In the final agony of fast-track Christmas shopping, I handed the checkout clerk a $100 bill. She gave it a suspicious look and called a manager. As I waited nervously to see if my cash passed muster, the manager scanned the bill with a professional eye, handed it back to the clerk with a nod and went about her business.
Meanwhile, several shoppers made their purchases in surrounding checkout lanes without a hitch, returned their plastic cards to their resting place among several others and headed for the parking lot with armloads of packages.It has finally happened. Plastic is better than cash or a check. I am not angry about the incident at the checkout counter. Besides, it is not the first time I have been mistaken for a shady character. Although I felt the spotlight bearing down as other shoppers stared at me suspiciously, it was not nearly as embarrassing as the last time I tried to pay for my merchandise with a personal check.
Even so, I understand the situation. Retailers probably have more protection when plastic cards are used to pay for purchases. They can make a quick call to determine if a credit card is good. Retailers lose millions of dollars annually on bad checks. As for cash, there is no way of knowing how many times bogus $100 bills are circulated before they are caught by trained eyes.
But the incident sent my mind flashing back to February 1986 and an interview with U.S. Treasurer Katherine Davalos Ortega - the woman whose name still appears on most of those bills in your wallet. She said then that the U.S. Treasury would print new currency that would be harder to counterfeit. Ortega said it would take 12 to 18 months to print the new bills and ship them to the banks to be put into circulation as old bills were retired.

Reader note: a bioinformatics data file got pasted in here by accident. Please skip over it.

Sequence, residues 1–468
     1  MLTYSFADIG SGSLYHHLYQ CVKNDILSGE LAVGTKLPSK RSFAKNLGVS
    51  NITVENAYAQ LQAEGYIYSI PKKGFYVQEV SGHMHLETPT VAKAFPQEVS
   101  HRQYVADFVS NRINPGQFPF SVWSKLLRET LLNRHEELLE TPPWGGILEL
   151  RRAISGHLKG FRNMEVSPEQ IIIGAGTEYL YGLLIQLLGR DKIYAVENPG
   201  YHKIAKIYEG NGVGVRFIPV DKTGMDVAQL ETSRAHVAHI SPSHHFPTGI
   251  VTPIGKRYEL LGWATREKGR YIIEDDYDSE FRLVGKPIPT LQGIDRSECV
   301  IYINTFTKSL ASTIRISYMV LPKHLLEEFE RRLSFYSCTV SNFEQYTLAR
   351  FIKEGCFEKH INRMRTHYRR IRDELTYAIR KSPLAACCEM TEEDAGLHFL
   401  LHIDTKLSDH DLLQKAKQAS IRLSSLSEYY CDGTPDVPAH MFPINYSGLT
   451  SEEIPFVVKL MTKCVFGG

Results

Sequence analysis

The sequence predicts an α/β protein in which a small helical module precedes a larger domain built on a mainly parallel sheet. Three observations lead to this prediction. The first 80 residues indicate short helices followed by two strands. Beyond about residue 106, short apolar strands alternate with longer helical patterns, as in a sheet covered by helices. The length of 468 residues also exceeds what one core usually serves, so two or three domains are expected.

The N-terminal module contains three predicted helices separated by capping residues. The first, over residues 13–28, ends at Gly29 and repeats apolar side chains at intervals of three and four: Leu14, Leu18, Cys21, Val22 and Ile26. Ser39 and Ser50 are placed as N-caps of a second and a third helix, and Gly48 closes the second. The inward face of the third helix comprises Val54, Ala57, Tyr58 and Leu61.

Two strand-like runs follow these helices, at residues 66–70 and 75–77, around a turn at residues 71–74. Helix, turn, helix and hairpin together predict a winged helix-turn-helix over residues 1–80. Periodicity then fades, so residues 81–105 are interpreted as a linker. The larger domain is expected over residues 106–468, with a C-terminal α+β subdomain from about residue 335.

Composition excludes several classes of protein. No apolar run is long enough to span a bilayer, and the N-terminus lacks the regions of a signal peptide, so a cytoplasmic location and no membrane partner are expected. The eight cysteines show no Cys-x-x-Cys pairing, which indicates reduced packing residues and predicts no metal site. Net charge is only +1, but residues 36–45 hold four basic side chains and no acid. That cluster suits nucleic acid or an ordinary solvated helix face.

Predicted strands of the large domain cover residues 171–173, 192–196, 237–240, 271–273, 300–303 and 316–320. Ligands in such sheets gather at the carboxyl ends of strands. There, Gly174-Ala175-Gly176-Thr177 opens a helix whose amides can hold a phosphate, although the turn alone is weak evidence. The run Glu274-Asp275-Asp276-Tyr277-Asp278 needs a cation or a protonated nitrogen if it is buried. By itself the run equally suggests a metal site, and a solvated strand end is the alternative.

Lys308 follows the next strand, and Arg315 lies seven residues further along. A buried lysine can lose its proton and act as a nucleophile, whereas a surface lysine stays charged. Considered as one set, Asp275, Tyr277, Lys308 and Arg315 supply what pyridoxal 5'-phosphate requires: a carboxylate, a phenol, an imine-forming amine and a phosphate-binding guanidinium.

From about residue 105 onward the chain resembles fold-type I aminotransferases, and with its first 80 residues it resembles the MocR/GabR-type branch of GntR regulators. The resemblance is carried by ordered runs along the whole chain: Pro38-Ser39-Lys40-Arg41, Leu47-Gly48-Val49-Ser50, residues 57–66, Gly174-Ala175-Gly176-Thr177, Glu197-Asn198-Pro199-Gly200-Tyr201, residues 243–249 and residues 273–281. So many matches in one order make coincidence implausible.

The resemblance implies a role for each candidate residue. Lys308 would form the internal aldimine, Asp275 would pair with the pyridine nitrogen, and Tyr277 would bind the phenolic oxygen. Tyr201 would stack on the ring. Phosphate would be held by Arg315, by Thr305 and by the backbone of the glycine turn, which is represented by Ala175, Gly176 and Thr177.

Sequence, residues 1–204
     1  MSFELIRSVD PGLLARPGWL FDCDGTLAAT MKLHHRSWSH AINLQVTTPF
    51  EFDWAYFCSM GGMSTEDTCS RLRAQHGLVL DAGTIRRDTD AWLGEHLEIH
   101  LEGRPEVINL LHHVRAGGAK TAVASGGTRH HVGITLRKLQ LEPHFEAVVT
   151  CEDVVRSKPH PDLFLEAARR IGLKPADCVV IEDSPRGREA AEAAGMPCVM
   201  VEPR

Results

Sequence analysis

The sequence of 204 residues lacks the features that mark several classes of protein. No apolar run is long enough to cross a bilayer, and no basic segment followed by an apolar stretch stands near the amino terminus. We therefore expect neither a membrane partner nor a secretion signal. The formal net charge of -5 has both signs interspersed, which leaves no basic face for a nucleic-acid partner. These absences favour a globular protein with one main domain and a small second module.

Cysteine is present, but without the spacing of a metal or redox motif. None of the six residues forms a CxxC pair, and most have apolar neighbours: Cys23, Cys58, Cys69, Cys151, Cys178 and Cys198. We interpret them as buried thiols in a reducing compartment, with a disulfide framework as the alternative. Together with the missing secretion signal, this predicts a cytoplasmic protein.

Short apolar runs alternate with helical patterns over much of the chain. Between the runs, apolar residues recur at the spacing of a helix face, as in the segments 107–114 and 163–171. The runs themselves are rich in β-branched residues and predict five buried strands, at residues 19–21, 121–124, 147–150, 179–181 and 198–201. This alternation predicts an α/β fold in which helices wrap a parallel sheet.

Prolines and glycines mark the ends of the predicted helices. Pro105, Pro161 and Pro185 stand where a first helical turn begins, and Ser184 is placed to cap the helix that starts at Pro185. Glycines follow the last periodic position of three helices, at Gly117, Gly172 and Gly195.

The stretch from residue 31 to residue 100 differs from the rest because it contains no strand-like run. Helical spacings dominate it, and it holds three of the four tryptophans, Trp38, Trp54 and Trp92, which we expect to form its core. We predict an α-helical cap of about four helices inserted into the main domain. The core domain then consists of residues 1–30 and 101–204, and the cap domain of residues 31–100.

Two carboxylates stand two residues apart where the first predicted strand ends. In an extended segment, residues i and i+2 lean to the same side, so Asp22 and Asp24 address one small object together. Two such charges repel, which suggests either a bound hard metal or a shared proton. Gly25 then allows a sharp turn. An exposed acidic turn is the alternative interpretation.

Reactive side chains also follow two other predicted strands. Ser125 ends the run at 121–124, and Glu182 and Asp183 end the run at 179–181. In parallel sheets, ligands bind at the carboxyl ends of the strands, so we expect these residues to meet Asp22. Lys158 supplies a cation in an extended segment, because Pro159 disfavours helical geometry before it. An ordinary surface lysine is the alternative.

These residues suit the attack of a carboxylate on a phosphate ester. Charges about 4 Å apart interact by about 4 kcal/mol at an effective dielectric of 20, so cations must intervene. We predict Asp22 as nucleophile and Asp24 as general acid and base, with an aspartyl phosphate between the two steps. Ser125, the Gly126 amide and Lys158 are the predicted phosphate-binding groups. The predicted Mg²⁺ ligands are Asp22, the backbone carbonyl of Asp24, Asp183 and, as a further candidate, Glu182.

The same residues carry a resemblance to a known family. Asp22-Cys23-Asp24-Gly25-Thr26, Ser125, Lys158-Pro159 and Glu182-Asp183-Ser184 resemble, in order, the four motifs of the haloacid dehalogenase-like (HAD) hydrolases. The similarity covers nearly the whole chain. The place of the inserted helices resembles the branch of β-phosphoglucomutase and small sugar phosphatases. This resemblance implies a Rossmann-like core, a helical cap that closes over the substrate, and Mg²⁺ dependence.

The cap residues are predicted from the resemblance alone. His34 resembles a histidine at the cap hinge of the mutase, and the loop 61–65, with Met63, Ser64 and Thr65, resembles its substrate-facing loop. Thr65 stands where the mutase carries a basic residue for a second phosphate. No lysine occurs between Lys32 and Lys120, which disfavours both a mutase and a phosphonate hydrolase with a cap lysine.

That was almost five years ago, and if the new money has been printed, it is still sitting in storage somewhere waiting to be distributed. Meanwhile, the counterfeiters are having their way with us. For the fiscal year ended Sept. 30, for example, $14 million in counterfeit money was found in circulation in the United States. Another $157 million was confiscated before it got into circulation, and an additional $157 million was seized abroad.
Nobody wants to talk about how many bogus U.S. dollars are circulating around the world and going undetected. When I had the chance to talk with Ortega, for example, she evaded that question, preferring to explain that it wasn't that much compared with how much real currency is out there.
The $100 bill is favored by those who print the bogus bills, because the C-note can net you $90 in real money - plus $10 worth of merchandise. There is a chance, of course, that some of the money you receive in change will also be counterfeit. Apparently there are many people who think they have just as much right as Alan Greenspan to create money.
Actually a counterfeit bill creates just as much of a ripple effect within the economy as real money - until it is detected and tossed out.
Now we are being told by the U.S. Treasury that engravers will have the new currency ready next year.
Whatever happened to the cashless society?